More Anti-Drug Education Research Urged
Byline: Steve Warmbir
A study from the University of Illinois at Chicago received a lot of attention this week for questioning the merits of DARE, the anti-drug class taught to fifth- and sixth-graders by police.
But one surprising benefit of Drug Abuse Resistance Education in Illinois schools that the underscored study received little attention in the press.
To understand this benefit of DARE, you first have to learn what the study found about general drug education for youngsters.
The study showed that a lot of drug education, not including DARE, was actually counterproductive.
The students who got a lot of general drug education, but not DARE, tended to have the highest scores for illegal drug use.
The study proposed that the general drug education programs were poorly conceived or delivered to students at schools with drug problems.
But the study found that if the students got DARE first and then a lot of other drug education later on in school, DARE at least inoculated them against the negative effects of the later drug education.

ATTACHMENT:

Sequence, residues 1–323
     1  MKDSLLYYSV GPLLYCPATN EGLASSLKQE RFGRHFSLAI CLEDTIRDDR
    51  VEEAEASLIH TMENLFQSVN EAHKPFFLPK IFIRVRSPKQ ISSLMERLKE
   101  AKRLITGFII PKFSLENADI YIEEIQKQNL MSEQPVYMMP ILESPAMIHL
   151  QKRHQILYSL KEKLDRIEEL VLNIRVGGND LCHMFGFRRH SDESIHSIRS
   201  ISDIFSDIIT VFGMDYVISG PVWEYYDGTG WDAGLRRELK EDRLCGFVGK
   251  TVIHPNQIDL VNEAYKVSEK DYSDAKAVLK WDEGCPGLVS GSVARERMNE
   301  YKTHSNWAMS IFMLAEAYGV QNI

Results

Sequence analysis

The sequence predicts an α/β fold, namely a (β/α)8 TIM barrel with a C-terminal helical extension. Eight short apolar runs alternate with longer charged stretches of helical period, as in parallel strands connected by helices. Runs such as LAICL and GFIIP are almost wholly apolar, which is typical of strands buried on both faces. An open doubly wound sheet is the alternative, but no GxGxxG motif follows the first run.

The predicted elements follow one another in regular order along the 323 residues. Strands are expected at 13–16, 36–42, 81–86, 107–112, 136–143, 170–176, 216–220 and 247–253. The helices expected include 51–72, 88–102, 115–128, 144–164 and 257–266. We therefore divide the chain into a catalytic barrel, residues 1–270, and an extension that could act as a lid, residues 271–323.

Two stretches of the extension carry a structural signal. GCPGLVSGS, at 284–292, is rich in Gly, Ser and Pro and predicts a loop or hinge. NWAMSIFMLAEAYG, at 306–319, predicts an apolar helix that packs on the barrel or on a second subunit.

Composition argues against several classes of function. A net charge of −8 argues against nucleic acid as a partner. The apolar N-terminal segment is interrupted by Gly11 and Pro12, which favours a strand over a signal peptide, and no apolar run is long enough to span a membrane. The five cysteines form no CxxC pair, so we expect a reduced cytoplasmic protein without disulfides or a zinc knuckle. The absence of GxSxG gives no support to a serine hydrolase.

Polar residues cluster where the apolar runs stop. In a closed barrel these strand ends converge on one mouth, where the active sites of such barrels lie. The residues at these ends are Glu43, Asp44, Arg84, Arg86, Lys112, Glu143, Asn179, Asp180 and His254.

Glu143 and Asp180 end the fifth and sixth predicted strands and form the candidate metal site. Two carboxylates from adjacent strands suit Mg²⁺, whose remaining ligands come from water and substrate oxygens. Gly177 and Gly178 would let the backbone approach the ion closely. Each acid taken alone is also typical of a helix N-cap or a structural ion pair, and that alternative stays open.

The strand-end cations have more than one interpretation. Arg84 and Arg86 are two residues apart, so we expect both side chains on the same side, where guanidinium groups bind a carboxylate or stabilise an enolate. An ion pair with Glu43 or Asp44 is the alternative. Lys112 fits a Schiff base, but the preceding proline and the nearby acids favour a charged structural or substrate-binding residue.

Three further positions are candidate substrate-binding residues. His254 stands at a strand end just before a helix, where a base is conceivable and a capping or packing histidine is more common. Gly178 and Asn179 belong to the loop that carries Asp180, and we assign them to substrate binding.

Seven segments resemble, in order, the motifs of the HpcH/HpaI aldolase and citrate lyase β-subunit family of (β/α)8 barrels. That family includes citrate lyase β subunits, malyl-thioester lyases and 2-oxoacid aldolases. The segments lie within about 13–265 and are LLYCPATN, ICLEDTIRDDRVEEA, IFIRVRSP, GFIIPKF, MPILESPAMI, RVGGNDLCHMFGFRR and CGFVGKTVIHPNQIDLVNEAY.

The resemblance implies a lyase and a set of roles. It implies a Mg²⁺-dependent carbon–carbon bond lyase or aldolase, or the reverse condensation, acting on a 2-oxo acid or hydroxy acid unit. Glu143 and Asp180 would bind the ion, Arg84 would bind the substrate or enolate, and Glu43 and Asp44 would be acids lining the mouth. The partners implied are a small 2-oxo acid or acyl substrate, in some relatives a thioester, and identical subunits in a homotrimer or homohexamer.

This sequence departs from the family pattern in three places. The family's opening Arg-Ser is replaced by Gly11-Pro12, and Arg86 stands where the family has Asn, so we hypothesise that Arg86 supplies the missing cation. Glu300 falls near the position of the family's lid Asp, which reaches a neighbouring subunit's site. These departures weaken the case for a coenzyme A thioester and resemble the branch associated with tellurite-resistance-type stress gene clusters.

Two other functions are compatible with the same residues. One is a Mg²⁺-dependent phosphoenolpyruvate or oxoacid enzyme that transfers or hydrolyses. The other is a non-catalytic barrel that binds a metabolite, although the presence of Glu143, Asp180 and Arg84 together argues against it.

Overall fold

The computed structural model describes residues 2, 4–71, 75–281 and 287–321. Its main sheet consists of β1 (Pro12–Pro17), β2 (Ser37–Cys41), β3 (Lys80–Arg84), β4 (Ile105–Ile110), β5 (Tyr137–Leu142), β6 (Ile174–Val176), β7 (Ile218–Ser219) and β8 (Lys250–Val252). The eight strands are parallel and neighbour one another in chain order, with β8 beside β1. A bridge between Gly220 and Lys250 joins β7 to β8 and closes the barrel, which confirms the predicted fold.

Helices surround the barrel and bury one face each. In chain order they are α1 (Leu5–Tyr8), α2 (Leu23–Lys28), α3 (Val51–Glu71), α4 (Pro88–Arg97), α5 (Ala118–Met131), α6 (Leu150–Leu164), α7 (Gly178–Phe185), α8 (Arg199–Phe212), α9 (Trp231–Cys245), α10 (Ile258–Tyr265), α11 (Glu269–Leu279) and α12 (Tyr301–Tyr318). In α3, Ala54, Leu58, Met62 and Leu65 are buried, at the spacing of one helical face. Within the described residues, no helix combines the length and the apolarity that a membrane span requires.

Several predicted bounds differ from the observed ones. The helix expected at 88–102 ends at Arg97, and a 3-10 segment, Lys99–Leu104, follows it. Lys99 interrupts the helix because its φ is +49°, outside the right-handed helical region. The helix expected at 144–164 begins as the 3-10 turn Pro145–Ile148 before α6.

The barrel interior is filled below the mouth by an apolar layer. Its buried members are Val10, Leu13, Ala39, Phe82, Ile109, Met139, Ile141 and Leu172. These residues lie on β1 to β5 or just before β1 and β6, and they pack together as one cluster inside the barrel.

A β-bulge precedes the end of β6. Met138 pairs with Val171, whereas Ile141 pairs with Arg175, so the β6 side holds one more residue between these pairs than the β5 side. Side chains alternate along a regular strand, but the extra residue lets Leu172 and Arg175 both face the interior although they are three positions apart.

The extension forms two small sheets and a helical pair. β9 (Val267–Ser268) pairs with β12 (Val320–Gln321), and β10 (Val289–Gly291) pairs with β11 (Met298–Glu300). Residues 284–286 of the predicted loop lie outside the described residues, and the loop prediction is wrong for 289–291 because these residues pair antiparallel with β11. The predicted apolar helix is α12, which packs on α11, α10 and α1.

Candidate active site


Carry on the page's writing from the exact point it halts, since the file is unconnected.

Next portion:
The study doesn't say why, but suggests more research should be done on the topic.
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Pletcher's yearbook: Long Grove resident Adam Quinn Pletcher made the national news this week when he was convicted in Seattle for extorting software billionaire Bill Gates.
But he appears to have left little impression at Stevenson High School in Lincolnshire where he graduated in 1993.
One official at the school who remembered Pletcher recalled him as "friendly," but nothing else stuck out about him.
His senior yearbook entry lists not a single club or activity under his name.
Pletcher is expected to be sentenced in May to about nine to 11 years for sending four letters to Gates threatening to kill him unless the Microsoft chairman sent him more than $5 million. …